In some ways, we writers have the easiest jobs on the planet. We generally don't work outdoors in the elements. We get to be creative for large chunks of the day. And the wardrobe...hello, working in your pajamas all day, goodbye fitted khakis. And farewell annoying coworker who always, always eats fish for lunch. At his desk. Right next to yours.
Still, even writing for a living has its downsides. Besides not knowing where your next paycheck is coming from, you also have to learn to take really good care of your body. Because a broken, burnt out body/psyche aren't going to help your career.
I was recently asked to write a guest post over at Writing and Wellness on this very topic: how to take care of your health while writing full-time. I shared some of the tips and tricks that I use and hope you'll get some benefits from them.
Somewhere out there must be a writer who loves editing.
That person is not me.
Out of the entire book writing/outreach/administrative/publishing parts of writing, editing has to be my least favorite. I've tried everything I can think of to make the process smoother--even writing from an outline (I hate outlines and much prefer to follow the story as it unfolds), but nothing seems to make it easier.
As you can see from the photo above, I've now resorted to sparkly gel pens and highlighters along with tea and pumpkin-scented candles to keep me going. Whatever works, right? ;)
As I work on the edit of the next novel I'm struck by something: there is a "next novel." I am so blessed. Despite the angst I feel about editing, despite the fact that I'm not some huge, best-selling novelist, I get to write books. What fun! And some people buy them. Amazing!
Counting My Blessings
It's easy to get caught up in the why-can't-I-be-as-popular-as-that-author type thoughts, especially when you work alone day after day. I'm making it more of a point though, to count my blessings when it comes to work (and life in general).
What a thrill to be able to write for a living!
I've dreamed of this for years and years: when I worked as a receptionist; when I toiled as a vet tech; when I helped women in the clothes store pick out that "just right" dress; when I was employed for several years in human services where I worked as everything from a DUI program assistant to a case manager.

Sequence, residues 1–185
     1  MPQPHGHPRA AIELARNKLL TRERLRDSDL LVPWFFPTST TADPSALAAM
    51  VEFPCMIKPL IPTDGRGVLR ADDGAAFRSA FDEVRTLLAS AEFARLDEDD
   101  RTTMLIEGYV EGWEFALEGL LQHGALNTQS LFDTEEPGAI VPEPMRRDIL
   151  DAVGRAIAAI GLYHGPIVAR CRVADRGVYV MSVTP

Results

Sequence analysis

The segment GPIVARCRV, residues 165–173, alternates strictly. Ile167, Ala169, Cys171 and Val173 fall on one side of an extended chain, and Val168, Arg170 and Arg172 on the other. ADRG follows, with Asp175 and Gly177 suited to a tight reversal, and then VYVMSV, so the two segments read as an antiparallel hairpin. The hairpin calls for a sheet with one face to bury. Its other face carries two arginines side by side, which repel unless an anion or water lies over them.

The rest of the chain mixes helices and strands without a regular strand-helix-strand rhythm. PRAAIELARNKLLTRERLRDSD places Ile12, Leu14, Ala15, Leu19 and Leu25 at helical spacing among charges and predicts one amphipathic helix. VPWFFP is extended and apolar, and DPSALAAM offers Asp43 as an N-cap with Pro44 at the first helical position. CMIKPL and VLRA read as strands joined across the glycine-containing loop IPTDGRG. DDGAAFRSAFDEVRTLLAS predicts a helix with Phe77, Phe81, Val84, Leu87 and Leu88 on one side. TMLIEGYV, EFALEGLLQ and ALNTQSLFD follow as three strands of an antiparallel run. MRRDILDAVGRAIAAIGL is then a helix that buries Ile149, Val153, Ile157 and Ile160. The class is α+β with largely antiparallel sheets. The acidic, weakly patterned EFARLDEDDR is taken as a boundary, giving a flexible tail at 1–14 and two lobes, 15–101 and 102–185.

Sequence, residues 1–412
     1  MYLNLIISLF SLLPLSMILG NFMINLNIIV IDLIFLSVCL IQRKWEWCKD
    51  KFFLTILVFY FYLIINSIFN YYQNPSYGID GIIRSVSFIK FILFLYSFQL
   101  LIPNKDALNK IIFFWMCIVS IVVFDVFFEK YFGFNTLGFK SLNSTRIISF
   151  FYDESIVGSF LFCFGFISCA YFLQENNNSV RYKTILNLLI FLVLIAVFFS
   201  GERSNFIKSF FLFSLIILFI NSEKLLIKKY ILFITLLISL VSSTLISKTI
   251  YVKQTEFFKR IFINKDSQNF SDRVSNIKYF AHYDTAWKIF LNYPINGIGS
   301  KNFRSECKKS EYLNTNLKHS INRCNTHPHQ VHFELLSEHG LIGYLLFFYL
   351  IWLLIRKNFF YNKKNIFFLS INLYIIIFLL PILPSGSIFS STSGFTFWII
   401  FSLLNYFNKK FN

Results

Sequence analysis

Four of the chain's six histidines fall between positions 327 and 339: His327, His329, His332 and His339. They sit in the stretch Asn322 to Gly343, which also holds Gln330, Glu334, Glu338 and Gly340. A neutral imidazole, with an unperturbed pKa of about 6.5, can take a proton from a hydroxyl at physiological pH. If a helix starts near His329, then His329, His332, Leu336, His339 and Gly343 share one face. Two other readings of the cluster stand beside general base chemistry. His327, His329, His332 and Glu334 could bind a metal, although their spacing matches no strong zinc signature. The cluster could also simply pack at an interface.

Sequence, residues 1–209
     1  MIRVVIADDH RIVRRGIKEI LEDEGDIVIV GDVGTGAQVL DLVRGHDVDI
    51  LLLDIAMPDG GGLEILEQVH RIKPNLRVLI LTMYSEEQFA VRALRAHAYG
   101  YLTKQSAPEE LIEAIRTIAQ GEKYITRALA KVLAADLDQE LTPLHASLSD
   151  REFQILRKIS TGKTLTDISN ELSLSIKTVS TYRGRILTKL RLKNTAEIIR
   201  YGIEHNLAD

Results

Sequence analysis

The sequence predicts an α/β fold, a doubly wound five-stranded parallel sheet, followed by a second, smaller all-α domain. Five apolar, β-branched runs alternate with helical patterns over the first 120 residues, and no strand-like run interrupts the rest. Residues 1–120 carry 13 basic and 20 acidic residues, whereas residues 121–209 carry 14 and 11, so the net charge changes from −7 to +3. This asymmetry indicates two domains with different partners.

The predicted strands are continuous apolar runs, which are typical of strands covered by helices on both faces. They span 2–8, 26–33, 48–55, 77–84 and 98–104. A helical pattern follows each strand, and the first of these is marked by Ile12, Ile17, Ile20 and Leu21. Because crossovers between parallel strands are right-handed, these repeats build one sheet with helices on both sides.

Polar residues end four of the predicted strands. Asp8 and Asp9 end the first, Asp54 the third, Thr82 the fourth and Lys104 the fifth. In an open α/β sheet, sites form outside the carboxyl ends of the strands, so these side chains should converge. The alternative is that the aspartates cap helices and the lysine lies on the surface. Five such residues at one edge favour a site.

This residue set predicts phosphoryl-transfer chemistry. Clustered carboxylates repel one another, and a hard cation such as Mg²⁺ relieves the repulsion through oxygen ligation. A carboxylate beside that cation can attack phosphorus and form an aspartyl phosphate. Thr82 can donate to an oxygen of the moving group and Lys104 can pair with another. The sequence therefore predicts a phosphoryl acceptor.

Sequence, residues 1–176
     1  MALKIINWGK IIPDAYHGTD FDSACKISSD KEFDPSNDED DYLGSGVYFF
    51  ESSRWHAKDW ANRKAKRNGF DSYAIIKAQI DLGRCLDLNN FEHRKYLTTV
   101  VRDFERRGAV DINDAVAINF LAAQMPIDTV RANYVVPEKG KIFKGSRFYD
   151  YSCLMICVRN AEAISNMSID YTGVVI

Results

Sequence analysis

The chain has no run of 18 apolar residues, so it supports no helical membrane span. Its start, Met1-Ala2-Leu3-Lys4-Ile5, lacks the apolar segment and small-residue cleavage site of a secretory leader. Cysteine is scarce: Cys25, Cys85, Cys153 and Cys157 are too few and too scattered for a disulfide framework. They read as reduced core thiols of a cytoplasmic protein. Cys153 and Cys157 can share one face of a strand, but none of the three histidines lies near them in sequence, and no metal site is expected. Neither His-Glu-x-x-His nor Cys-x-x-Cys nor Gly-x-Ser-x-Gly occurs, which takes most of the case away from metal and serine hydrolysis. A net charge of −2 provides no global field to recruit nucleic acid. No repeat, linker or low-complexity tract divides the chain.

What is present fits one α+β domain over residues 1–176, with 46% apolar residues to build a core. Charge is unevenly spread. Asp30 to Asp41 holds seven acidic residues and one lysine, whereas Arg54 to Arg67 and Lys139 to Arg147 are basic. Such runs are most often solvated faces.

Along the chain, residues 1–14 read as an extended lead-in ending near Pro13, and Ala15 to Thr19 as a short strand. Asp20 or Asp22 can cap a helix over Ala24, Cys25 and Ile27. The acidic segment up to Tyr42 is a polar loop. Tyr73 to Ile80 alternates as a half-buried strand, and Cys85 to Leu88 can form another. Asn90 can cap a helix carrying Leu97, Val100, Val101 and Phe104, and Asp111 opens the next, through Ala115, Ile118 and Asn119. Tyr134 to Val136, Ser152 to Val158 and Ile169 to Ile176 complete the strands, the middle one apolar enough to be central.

When you have a creative dream, do all you can to make it reality. Even if you work on it in tiny chunks (like say, writing a book in 15-minutes a day), keep going. Even when people make snide remarks about "getting a real job," keep going. Even when you're stuck in the 9-5 treadmill life, do whatever you can to move just a little closer toward your dream.
And hey, if you find yourself in need of a pep talk, drop me a line: jpcwrites (at) gmail (dot) com. I love talking with other creatives and may have a tip or two that will help you.
Have you ever wondered what goes into writing a Gothic suspense novel or short story? What are the "must haves" to include? What sets Gothic suspense novels, stories or movies apart from other suspense or horror?
In my guest post over at The Misstery, I wrote all about this topic and answered these and several other questions. Pop over to my post on "Writing Gothic Suspense Novels," for a quick read.
I'm a bit late for Women's History Month, but have been thinking about sharing some of my favorite women suspense authors with you here on the blog for some time. Today, we're going to go back in history and learn more about three authors who changed the literary world. They are: Mary Roberts Rinehart, Agatha Christie and Patricia Clapp. Like any good journalist, I'm going to cover the Five Ws: Who, What Where, When and Why...the last "w" being why you might want to pick up one of their books.
Who: Mary Roberts Rhinehart had an interesting start in the literary world: she became a writer because of financial need. This in itself might not be so surprising, except that she was married to a doctor. Apparently, the couple was in financial distress and Mary Roberts Rhinehart began to write and sell her fictional articles in magazines.
What: The author of 60 mystery books, nine plays, and many short stories published in magazines like the Saturday Evening Post.
Where: Mary Roberts Rhinehart was originally from Pittsburgh, PA, but later lived among homes located in Bar Harbor, ME, and Park Avenue in NYC.
When: She was first published in 1908 and continued to write prolifically until her death in 1858.